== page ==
As best seen in FIG. 1, the hair dryer 10 includes a main housing 20 that is conventionally molded in two halves 22 and 24 that join along a line 20 a as illustrated in FIG. 2. The edges of the halves have mutually offset flanges that mate with each other to more positively locate the housing halves 22 and 24 with respect to each other. The main housing 20 can be constructed in any convenient manner known in the art.
The housing 20 provides a duct for air flowing through the hair dryer from an inlet 26 for ambient air to an outlet 28 for heated air that is directed at the user's hair. The inlet may be conventionally formed of a domed plate with honeycomb apertures that permit air flow therethrough but prevent a user's fingers from being inserted into the housing and contacting the impellers that induce air flow through the housing in the manner described below. A heating coil 30 is disposed within the path of the air flow through the housing. The heating coil is depicted schematically in phantom lines in FIG. 1, it being a conventional component of hand held hair dryers. Typically, it is formed of a wire coiled around a mica support, but any suitable heating device may be used. A screen 32 is conventionally placed at the outlet 28 to permit air flow therethrough but prevent a user's fingers from contacting the heating coil 30.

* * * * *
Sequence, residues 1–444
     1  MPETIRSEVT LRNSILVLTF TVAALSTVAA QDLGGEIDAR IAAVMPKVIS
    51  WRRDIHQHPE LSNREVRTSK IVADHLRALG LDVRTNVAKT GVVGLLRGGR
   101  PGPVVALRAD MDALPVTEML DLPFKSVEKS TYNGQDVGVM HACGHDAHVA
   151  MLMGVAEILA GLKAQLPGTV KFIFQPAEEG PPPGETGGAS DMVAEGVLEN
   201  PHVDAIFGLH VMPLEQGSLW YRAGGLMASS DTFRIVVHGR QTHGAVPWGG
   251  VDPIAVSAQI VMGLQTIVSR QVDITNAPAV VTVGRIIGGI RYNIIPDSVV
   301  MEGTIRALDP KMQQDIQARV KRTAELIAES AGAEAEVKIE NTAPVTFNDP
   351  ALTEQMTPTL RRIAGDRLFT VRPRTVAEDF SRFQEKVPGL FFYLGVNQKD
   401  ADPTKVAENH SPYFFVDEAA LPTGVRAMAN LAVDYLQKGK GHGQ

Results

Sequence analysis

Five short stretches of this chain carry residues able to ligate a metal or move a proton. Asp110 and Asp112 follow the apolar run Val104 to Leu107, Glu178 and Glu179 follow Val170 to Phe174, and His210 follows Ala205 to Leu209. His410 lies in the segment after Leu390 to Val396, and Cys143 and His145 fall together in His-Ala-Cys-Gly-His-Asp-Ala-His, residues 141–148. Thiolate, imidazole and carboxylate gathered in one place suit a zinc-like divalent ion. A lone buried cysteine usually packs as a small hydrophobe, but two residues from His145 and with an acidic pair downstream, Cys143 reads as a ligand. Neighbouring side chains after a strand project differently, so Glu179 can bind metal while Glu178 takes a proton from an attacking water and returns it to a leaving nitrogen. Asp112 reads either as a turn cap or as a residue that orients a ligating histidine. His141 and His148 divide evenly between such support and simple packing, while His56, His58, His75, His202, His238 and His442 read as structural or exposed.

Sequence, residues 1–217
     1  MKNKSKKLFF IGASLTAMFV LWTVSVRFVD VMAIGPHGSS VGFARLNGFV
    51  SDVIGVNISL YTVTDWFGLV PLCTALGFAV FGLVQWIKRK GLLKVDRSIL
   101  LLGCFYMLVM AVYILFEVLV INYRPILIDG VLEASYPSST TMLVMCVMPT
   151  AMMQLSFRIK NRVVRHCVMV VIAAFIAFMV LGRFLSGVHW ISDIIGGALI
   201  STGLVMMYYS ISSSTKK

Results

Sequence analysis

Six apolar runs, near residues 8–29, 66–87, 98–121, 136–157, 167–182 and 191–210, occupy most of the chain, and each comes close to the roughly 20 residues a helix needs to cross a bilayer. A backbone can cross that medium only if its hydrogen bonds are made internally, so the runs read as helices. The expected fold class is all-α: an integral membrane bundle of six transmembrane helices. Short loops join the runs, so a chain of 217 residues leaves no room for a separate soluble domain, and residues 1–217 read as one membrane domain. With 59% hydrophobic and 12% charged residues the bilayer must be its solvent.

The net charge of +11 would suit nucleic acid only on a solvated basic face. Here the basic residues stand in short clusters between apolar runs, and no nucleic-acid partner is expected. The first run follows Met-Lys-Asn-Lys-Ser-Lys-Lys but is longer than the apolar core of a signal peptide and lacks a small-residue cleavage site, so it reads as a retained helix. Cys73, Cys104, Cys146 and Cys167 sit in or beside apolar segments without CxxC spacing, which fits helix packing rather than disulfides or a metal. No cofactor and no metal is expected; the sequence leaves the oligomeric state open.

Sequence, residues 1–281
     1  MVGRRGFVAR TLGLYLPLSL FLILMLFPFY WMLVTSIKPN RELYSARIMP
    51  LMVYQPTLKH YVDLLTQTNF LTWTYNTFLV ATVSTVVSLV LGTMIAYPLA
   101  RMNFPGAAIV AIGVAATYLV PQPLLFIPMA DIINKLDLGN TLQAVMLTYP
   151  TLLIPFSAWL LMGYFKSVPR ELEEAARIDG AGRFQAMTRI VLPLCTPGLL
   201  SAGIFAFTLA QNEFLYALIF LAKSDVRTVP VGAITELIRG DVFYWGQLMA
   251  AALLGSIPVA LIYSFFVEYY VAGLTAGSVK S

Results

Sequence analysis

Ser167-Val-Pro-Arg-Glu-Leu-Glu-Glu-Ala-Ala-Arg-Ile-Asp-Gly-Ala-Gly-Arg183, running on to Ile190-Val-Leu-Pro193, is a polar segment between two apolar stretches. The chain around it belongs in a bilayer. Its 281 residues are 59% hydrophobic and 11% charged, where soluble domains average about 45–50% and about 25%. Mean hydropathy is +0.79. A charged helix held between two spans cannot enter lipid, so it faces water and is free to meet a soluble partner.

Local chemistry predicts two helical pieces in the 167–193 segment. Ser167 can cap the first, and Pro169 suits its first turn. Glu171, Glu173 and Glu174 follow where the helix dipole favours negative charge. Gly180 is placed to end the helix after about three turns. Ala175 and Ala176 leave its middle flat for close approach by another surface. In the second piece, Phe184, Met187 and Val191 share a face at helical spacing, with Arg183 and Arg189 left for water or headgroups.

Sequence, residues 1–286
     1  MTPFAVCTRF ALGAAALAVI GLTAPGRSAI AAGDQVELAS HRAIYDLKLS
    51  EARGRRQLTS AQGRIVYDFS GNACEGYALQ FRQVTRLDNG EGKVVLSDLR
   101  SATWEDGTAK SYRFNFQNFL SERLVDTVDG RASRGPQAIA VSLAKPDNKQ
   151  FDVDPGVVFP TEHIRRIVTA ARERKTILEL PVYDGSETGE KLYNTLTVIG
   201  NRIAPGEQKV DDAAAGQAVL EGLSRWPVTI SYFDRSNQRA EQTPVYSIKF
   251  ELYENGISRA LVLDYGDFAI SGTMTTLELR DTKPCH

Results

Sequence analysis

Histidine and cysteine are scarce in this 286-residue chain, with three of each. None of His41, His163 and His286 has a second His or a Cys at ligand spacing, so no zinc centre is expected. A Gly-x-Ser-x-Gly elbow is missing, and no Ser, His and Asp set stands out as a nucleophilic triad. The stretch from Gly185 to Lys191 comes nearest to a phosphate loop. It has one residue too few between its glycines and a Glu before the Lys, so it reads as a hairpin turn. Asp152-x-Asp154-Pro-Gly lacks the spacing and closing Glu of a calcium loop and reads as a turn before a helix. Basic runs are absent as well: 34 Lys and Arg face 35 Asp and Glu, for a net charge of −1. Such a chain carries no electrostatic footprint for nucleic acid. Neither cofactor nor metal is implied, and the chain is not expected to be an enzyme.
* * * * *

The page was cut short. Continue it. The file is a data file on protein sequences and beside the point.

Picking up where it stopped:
At its bottom the housing 20 includes a depending hinge structure 34 to which a handle 40 is attached by a hinge pin 42. The handle 40 is hollow and includes electrical wiring and switches (not shown) for controlling the flow of electric current to energize the heating coil 30 and to drive the impellers in accordance with the present invention as described in detail below. The handle is hinged to the housing to permit it to be pivoted as shown by the arrow A. The handle 40 will typically occupy the position shown in FIG. 1 for operation of the hair dryer. It can be moved from this operative position and folded to a stowed position wherein it lies against the underside of the housing 20. In this configuration the dryer 10 takes up less space and makes it easier to pack for traveling, for example.
Air flow is induced through the housing from the inlet 26 to the outlet 28 by a pair of motorless axial flow impeller systems 200 and 300 in accordance with the present invention. The impeller of the upstream system 200 rotates in one direction and the impeller of the downstream system 300 rotates in the opposite direction. Counter-rotating impellers are known to increase air flow at a given rotational speed, thus reducing the noise for a given air flow. That is, because the dipole noise generated by rotating machinery increases as the sixth power of angular velocity, any reduction in rotational speed can significantly reduce the noise produced. This effect is discussed in detail in my prior U.S. Pat. Nos. 5,841,943 and 6,011,903.